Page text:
Press "Enter" to skip to content

From North to South, California does battle with furious wildfires


THOUSAND OAKS, Calif. — Even in a state hardened to the ravages of wildfires, the infernos that raged at both ends of California on Friday were overpowering.

The fire-prone state was battling three major fires, one in the northern Sierra and two west of Los Angeles.

In the northern town of Paradise, the ruins of houses and businesses smoldered throughout the day, while in Southern California, tens of thousands of residents fled their homes and jammed onto highways.

Exotic lemurs and parrots were packed up and carried away to safety as fires ringed the Los Angeles Zoo in Griffith Park.

Officials estimated that the blaze in the north, called the Camp Fire, had destroyed a staggering 6,700 structures — most of them residential. Such vast devastation would make it the most destructive fire in modern state history.

“It’s phenomenal how fast the fire spread,” said Scott McLean, deputy chief of the California Department of Forestry and Fire Protection, said of the fire in Paradise. As firefighters struggled to contain the flames, McLean said he feared the death toll would rise higher. Abandoned cars on a central street were evidence that many had fled the ferociously fast fire on foot. At least 35 people were reported missing, officials said.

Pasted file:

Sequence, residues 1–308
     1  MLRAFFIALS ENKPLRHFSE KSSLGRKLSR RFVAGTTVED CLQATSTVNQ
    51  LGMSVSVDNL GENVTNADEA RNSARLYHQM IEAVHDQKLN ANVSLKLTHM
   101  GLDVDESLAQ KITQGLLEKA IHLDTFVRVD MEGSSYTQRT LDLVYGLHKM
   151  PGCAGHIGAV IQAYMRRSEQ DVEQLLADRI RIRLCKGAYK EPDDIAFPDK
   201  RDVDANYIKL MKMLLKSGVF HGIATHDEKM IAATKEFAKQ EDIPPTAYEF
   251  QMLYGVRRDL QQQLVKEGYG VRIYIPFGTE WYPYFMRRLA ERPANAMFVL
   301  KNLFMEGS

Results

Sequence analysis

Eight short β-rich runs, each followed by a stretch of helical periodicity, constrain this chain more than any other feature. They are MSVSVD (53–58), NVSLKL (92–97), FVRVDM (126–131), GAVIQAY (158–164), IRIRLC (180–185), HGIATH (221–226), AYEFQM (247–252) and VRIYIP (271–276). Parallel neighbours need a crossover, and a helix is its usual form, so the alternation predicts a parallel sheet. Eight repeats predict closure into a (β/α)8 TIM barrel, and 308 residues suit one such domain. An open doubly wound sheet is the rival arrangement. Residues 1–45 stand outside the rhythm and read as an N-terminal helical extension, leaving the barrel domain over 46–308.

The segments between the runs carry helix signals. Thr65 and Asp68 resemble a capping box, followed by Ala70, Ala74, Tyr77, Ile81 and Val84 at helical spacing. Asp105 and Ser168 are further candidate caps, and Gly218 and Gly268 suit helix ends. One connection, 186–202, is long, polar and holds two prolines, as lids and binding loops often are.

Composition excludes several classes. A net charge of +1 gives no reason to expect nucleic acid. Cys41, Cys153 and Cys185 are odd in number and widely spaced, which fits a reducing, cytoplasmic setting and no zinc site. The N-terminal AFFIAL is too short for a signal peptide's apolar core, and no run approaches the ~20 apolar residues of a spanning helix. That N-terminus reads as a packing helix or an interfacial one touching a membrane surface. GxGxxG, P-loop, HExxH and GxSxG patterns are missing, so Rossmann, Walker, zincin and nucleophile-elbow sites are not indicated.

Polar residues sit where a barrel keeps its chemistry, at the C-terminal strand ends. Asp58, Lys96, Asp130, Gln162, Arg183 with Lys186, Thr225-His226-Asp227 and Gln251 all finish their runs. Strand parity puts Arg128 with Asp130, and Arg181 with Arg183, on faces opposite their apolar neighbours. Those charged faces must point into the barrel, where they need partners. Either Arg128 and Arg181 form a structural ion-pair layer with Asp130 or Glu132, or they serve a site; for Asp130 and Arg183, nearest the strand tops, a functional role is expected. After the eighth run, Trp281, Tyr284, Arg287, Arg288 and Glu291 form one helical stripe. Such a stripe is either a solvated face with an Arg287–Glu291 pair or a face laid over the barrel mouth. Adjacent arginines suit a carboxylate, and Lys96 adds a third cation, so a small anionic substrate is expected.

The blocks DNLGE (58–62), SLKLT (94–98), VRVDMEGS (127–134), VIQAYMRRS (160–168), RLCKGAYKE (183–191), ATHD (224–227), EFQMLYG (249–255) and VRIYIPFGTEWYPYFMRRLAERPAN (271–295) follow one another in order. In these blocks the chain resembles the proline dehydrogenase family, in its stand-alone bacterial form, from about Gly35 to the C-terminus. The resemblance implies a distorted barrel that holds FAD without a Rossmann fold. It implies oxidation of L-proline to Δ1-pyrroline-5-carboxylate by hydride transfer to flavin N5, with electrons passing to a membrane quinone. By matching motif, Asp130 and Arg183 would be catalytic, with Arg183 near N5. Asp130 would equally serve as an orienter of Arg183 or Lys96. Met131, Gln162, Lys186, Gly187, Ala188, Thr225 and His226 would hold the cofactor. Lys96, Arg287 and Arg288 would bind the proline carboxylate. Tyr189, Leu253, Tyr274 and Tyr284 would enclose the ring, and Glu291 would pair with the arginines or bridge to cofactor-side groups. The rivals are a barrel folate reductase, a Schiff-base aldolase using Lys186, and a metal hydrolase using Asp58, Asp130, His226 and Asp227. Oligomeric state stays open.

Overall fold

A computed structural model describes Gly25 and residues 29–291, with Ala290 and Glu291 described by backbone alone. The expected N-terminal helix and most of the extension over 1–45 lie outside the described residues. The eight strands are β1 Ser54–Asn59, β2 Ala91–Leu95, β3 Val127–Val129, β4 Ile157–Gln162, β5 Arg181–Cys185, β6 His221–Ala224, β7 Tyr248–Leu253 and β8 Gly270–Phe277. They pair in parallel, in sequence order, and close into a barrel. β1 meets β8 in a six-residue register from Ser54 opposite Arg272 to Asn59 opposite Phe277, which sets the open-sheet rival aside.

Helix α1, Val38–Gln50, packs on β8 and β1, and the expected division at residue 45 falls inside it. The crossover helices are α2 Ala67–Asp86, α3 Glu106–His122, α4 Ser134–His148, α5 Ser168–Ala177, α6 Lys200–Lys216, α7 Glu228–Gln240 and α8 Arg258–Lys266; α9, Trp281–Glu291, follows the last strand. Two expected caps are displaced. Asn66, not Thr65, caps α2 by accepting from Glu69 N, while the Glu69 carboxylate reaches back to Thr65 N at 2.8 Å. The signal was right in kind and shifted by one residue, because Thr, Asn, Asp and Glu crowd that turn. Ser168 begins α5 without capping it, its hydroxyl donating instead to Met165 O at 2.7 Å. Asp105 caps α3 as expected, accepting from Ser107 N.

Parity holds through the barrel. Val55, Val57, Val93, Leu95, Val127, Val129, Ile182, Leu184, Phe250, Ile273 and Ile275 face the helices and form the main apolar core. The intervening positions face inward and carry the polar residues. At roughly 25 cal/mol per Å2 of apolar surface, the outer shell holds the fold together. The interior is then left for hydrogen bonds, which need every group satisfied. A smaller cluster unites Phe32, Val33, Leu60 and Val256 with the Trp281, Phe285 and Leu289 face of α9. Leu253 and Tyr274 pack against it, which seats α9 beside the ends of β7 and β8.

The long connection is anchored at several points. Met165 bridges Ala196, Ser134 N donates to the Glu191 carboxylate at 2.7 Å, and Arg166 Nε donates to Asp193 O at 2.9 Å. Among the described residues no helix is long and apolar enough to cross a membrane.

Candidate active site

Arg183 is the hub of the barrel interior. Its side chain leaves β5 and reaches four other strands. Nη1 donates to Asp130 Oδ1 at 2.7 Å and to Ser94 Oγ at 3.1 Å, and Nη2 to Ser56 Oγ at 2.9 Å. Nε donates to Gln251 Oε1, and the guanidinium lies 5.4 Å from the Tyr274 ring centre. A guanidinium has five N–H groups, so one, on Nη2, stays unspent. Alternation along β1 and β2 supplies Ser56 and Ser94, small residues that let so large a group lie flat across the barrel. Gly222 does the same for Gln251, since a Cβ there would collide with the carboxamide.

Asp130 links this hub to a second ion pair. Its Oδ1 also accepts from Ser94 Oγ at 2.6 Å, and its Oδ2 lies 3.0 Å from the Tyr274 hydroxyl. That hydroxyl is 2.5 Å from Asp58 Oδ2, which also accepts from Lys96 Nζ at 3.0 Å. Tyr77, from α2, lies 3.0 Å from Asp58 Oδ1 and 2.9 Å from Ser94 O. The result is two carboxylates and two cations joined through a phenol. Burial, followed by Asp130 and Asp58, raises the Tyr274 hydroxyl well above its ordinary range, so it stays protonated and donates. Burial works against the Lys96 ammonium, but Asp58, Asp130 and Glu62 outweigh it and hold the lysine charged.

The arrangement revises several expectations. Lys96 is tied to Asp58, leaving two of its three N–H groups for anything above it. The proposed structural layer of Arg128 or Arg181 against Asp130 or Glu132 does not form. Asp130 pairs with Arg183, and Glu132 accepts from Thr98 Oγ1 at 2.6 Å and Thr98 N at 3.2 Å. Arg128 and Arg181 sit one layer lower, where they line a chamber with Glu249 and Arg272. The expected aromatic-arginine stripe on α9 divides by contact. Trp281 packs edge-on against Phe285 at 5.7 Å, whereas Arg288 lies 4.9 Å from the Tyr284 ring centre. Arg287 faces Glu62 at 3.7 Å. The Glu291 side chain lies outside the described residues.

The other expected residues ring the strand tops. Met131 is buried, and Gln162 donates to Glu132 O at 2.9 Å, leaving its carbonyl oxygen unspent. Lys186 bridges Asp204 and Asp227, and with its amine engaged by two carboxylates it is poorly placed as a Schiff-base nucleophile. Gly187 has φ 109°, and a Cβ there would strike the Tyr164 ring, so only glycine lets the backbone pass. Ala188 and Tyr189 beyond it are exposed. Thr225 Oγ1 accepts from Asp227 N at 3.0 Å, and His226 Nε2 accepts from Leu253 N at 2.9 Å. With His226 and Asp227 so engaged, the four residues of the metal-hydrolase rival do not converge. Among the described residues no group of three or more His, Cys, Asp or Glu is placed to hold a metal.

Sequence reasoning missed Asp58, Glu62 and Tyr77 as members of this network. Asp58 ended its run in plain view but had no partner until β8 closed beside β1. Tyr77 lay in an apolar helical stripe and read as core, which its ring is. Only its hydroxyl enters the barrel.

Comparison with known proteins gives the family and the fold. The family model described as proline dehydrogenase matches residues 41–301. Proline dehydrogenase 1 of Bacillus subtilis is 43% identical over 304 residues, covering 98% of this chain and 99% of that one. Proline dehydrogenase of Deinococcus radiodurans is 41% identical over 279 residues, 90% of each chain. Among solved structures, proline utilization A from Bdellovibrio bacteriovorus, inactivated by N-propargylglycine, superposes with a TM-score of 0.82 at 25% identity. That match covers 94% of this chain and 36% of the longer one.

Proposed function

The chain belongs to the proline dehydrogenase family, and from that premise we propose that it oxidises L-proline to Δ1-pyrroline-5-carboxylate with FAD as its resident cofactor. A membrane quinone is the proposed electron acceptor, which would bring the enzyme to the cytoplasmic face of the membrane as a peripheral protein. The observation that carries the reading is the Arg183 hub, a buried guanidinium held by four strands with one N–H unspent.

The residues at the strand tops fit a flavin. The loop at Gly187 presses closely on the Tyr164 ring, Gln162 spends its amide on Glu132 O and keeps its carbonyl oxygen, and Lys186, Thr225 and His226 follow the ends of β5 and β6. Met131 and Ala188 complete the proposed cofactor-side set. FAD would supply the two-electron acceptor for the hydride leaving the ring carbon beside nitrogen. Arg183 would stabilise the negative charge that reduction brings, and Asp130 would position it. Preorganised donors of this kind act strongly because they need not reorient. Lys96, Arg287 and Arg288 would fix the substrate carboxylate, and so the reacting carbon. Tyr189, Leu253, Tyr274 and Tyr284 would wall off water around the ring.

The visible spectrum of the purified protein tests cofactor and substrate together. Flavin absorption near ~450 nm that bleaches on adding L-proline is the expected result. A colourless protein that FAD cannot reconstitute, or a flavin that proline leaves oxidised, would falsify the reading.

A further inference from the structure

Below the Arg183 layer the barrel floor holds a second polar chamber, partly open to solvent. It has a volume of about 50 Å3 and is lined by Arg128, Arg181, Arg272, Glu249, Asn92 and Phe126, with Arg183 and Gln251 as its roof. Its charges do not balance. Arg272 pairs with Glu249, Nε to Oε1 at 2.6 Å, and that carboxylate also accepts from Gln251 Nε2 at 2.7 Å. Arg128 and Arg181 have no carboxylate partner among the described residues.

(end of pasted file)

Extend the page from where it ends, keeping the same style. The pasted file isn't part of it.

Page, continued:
READ  World: Virginia primary puts democrats' spirit of '17 to the test

It was too early to know how many made it out alive.

In Thousand Oaks, there was grief compounded by grief. Just as residents were coming to terms with a shooting at a country music bar, the wind-driven fires swept thousands of residents from their homes. Mayor Andrew P. Fox said late Friday afternoon that nearly 75 percent of the city had been evacuated.

In Paradise, emergency crews looked for the missing, said Megan McMann, a coordinator with the Butte County Sheriff’s Office. “There are a lot of areas where the fire is active that we can’t access,” McMann said.

The bodies of several people were found “in vehicles that were overcome” by the flames, Sheriff Kory L. Honea of Butte County said, adding that they had been so badly burned, they could not immediately be identified. A total of nine people were killed in the county.

This article originally appeared in The New York Times.

Thomas Fuller, Jennifer Medina and Jose A. Del Real © 2018 The New York Times


%d bloggers like this: